Brazilian fish farming mainly uses inland waters to produce fish, while the waters of the seas and oceans are practically obsolete in the sense of food production. Although Brazil has an enormous amount of water resources, it accounts for 12% of the world’s freshwater reserves, which comprise more than 5million hectares of water slides in natural and artificial reservoirs [4]; there are more than 8,400km of coastal area, two hundred miles of territorial sea and Exclusive Economic Zone and 2.5 million hectares of estuarine areas [5] which sends the country to a prominent scenario, and in this sense, marine fish farming is strategic for the production of animal protein.

Some native fish species were listed as potentials for production [5], such as kingfish (Odontesthes argentinensis), sea bass (Centropomus parallelus), mullet (Mugil sp,.), sole (Paralichthys orbignyanus), b and ijupirá (Rachicentron Canada) and the ornamental seahorse (Hippocampus reidi). Cavalli RO, et al. [6] also point out that there are other species that have been systematically studied. However, the technological package is not established at national level for any of them. According to Cavali RO [7] despite the efforts in research and development, the creation of these species has no relevant commercial importance as it is incipient.

However, Cavalli RO [7], Cerqueira VR, et al. [8] and Souza Lima et al. [9] emphasize that the beijupirá has a potential role in the development of Brazilian marine fish farming, either because it is a native species that would facilitate environmental licensing, or because of its fast growth rate, easy management and known reproduction, among other factors such as the characteristic of meat that make it attractive and the cost of production that can be reduced if there is an increase in scale.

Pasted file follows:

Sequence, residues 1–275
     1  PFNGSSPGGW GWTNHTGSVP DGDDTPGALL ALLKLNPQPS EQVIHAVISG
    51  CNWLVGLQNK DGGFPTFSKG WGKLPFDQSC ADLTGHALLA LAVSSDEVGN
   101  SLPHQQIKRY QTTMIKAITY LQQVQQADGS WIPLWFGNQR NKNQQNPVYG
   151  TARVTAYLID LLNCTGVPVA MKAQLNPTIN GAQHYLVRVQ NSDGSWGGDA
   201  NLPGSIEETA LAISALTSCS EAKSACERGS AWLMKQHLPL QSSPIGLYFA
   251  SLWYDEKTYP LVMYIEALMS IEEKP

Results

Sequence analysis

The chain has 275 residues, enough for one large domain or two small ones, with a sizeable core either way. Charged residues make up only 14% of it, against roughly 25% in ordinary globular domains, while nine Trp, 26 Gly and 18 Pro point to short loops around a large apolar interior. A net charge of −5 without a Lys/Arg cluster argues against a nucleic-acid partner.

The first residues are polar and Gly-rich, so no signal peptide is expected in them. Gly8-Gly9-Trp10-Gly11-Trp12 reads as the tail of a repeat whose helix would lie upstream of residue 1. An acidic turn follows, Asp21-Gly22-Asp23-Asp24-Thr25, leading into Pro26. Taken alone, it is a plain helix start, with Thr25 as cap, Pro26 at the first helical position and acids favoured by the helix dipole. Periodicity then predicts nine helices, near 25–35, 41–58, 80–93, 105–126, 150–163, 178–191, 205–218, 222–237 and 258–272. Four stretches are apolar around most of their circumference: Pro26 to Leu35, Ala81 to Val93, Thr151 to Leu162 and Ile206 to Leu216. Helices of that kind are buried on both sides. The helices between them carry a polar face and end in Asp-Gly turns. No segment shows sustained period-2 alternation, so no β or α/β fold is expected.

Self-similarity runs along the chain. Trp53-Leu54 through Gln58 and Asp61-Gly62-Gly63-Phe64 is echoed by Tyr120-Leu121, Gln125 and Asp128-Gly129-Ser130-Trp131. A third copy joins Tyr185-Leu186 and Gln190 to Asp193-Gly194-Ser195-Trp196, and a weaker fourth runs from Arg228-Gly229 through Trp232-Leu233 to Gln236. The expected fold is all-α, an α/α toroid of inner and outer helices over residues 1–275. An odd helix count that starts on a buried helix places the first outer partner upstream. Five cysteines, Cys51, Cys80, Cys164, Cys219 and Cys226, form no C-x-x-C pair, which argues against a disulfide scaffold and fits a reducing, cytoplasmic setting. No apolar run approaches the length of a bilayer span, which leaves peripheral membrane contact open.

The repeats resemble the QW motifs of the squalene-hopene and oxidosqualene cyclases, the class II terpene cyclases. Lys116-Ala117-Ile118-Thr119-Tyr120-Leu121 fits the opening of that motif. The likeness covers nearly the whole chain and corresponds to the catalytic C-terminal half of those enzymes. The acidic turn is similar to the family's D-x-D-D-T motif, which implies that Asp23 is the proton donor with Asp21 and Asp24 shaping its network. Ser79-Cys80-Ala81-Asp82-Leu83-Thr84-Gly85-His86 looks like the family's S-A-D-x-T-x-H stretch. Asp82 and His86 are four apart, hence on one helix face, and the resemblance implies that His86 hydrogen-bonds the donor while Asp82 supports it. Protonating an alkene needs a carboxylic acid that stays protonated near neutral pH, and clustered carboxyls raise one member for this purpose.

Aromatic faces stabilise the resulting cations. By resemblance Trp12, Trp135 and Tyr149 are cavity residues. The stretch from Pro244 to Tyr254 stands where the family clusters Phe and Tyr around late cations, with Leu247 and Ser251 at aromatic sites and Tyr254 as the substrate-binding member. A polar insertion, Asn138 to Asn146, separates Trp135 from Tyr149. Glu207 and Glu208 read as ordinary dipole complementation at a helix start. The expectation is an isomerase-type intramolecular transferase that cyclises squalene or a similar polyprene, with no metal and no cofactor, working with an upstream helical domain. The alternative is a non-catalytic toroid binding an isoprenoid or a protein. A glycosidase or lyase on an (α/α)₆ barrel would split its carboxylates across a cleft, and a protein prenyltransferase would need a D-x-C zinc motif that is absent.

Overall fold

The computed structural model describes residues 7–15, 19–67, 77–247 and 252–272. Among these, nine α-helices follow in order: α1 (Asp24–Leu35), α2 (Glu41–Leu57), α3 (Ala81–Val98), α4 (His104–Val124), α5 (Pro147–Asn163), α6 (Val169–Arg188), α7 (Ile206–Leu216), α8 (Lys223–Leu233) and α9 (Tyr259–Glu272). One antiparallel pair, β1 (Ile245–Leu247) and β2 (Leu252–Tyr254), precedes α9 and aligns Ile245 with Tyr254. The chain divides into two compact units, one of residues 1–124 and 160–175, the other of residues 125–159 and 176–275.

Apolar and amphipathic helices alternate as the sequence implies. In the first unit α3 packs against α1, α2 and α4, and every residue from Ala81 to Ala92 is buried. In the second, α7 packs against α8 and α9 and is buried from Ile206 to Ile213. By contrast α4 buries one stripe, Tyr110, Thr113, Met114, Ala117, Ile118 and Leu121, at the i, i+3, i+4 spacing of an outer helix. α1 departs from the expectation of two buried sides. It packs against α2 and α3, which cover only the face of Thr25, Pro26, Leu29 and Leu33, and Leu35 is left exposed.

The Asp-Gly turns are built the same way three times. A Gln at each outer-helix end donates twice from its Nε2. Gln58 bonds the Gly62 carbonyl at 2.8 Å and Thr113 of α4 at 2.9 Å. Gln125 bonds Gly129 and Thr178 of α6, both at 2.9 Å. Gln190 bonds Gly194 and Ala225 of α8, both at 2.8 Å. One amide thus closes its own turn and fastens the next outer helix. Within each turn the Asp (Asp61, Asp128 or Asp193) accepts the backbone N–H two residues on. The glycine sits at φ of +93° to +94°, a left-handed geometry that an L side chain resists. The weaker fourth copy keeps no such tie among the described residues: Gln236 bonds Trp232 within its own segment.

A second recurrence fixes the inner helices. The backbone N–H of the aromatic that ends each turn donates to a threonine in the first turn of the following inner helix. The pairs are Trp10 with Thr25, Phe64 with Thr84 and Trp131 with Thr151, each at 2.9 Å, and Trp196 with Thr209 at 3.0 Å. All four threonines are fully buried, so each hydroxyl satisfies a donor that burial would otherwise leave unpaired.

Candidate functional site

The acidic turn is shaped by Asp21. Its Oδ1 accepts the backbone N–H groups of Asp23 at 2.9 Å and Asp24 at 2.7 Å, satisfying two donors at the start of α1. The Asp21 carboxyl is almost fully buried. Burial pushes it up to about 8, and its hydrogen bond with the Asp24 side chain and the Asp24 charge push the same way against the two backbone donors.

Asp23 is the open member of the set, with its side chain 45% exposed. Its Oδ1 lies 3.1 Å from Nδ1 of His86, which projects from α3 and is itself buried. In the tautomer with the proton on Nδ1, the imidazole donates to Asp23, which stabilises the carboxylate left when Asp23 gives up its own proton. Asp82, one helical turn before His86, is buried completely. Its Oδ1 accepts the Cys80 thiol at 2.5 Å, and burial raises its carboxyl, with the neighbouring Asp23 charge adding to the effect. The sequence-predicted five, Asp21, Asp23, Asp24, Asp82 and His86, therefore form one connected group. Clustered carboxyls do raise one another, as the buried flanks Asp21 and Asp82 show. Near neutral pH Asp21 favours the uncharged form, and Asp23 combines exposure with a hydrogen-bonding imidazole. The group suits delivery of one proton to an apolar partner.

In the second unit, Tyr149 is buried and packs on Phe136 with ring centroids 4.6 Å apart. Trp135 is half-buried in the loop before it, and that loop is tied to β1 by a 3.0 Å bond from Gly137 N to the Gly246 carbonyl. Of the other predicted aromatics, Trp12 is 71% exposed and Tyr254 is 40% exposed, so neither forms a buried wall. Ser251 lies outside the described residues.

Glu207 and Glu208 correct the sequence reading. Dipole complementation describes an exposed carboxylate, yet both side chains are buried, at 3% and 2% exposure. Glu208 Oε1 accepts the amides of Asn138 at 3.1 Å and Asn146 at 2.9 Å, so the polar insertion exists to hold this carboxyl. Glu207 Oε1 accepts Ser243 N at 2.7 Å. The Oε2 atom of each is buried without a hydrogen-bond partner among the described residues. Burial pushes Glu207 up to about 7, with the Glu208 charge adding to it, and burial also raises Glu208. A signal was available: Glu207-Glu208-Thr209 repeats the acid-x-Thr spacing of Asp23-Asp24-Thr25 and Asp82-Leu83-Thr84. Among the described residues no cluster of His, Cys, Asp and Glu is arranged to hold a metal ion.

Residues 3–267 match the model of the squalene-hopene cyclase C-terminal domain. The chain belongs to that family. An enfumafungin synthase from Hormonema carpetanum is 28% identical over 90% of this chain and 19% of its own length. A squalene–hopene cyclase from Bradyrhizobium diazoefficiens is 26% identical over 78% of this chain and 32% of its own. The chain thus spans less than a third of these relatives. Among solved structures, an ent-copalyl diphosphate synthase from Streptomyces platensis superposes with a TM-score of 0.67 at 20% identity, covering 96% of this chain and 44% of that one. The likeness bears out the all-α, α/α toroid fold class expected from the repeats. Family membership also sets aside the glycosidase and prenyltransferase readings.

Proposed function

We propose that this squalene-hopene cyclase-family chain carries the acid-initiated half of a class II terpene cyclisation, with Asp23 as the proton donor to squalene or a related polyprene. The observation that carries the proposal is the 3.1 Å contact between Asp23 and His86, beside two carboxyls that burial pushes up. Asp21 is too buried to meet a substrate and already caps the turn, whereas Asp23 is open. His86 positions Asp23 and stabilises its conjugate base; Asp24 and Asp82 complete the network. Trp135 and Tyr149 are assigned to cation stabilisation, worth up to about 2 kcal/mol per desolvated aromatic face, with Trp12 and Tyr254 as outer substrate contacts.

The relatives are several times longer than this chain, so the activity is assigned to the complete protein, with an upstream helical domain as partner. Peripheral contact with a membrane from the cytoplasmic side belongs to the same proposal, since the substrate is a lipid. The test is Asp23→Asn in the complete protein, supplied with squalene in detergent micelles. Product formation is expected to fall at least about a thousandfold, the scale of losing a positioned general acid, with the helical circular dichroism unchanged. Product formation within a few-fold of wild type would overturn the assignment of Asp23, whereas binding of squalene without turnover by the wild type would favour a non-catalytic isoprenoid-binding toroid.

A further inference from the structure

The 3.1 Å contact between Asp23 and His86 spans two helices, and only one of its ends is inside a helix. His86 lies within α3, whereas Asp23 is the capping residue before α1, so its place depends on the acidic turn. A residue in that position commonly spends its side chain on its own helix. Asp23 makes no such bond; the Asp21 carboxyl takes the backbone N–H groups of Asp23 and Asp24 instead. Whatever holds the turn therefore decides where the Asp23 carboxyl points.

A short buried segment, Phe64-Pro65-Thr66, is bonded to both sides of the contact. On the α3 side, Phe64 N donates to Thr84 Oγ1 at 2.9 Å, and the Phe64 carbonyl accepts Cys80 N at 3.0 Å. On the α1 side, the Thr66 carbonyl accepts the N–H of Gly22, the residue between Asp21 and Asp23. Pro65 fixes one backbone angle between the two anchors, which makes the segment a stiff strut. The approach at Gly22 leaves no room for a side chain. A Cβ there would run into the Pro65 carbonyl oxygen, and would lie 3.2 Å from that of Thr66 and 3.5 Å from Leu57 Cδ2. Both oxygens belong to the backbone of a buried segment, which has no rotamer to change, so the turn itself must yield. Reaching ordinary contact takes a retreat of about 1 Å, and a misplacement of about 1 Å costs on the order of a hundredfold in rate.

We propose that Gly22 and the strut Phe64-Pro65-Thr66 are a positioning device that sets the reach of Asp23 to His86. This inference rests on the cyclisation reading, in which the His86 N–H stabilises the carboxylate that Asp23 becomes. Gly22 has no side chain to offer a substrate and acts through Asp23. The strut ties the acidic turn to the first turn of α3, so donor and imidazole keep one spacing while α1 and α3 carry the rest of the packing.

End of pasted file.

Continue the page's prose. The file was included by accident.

If on the one hand the creation of marine fish has good prospects [8], because the climate in the country is favorable to the practice of fish farming, there are foods that can be transformed into diets for the various species of fish and there is hand of abundant work , besides the several research institutes that can contribute in the different segments of the productive chain, there are still several points to be filled, and these make marine fish farming limiting and embryonic in national territory.

Meanwhile, po to be highlighted several pond tosses covering biological, economic and legal. For an activity to be representative on a large scale, it is necessary to master all the stages of the productive cycle of what one intends to cultivate . There are still several gaps in the biological factors of Brazilian marine fish that still need to be answered. However, Sampaio LA, et al. [10] point out that as the beijupirá is cultivated abroad, with technology already developed, the information already obtained can be used as a basis for its cultivation in Brazil, thus eliminating basic research steps.